There is not an incident that can be attributed to this issue. It initially happened once and then mot again for some time. Over a period of six months has become more frequent but still uncommon. About one month ago it happened three days consecutively so I started running scans on hardware and other fault finding etc. It was fine last week and cold booted all week. This week the fault re-appeared so I was intending to get ready to reset to PC but...

...I also think it is more likely to be hardware so I am hesitant to re-install the OS if I can identify a hardware issue. I would be wasting my time with all the supplementary work needed after the OS re-installed. I have little enough time as it is and the problem is now that it is in my head ;)
 

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PaulJ678

Member
Are all your BIOS settings defaulted? Can you post a photo of the boot options page?
The BIOS reset when battery changed. Yes, I will upload an image when next at location of the miscreant PC. From memory only the Windows Boot Manger is listed.

Thank you very much for assistance.
 

PaulJ678

Member
The BIOS reset when battery changed. Yes, I will upload an image when next at location of the miscreant PC. From memory only the Windows Boot Manger is listed.

Thank you very much for assistance.
I got someone to send me an image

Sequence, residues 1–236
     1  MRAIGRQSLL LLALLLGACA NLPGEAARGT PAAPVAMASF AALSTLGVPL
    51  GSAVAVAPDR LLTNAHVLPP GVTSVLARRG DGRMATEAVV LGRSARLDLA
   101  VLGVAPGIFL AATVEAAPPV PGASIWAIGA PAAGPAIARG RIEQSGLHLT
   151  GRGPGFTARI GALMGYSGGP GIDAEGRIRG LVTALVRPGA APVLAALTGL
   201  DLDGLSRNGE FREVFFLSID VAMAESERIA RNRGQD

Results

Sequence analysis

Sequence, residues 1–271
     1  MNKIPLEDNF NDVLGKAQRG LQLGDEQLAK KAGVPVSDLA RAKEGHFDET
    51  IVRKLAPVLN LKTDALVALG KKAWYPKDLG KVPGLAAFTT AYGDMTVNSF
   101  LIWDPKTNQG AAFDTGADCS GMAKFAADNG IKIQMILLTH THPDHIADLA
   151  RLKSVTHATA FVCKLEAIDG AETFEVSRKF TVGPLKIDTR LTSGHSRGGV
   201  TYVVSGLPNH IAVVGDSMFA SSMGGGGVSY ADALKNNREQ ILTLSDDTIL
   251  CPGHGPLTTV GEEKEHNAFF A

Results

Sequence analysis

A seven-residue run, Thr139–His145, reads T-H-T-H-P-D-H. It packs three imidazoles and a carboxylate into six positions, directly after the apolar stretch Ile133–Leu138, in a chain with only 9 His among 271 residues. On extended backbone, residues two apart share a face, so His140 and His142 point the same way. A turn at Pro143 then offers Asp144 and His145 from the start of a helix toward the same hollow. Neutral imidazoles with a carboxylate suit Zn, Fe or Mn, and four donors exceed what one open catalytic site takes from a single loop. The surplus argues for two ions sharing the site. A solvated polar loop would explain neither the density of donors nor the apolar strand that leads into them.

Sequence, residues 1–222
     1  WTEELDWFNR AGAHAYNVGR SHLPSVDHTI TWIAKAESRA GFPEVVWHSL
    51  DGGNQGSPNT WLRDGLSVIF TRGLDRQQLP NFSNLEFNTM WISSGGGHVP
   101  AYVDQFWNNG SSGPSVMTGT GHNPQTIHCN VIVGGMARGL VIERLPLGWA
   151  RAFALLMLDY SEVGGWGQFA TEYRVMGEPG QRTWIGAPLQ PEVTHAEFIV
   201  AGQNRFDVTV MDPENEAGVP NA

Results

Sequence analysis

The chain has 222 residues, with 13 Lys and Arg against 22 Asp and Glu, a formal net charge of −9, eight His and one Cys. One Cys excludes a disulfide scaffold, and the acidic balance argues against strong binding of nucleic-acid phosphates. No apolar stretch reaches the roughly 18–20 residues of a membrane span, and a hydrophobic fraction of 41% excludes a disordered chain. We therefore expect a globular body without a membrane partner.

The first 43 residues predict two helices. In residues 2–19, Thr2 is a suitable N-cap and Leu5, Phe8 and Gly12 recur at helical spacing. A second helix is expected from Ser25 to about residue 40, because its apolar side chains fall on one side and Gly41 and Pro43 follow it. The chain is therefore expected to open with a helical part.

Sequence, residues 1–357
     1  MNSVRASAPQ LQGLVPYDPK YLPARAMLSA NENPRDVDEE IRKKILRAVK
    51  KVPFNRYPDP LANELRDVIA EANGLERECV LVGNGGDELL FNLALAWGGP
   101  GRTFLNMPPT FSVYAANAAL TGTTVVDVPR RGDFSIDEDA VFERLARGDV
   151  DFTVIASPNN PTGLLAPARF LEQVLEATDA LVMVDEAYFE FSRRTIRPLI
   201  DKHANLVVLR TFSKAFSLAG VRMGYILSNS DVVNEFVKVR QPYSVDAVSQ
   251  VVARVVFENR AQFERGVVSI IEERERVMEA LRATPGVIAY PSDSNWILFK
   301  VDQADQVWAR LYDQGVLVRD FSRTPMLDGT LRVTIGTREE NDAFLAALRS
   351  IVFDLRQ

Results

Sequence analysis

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ubuysa

The BSOD Doctor
You bought it with no OS supplied, so....
  • How did you install Windows?
  • Are the boot partitions and Windows partitions on the same drive (M.2_1), or is the boot partition on M2_1 and Windows on M2_2 (it happens)?
  • What is that plugged into the USB port (31.4GB)? It appears in the boot list and that concerns me.
  • Will it boot with that USB drive removed?
  • Will it boot with the SSD in M2_2 and the SATA SSD (and that USB drive) removed?
From what you describe the BIOS seems to stall trying to locate the boot files. It must have located a bootable device or you'd get a boot failure message, but the bootable device stalls.

Depending on your answers to the questions above we'll suggest a next step.
 

PaulJ678

Member
You bought it with no OS supplied, so....
  • How did you install Windows?
  • Are the boot partitions and Windows partitions on the same drive (M.2_1), or is the boot partition on M2_1 and Windows on M2_2 (it happens)?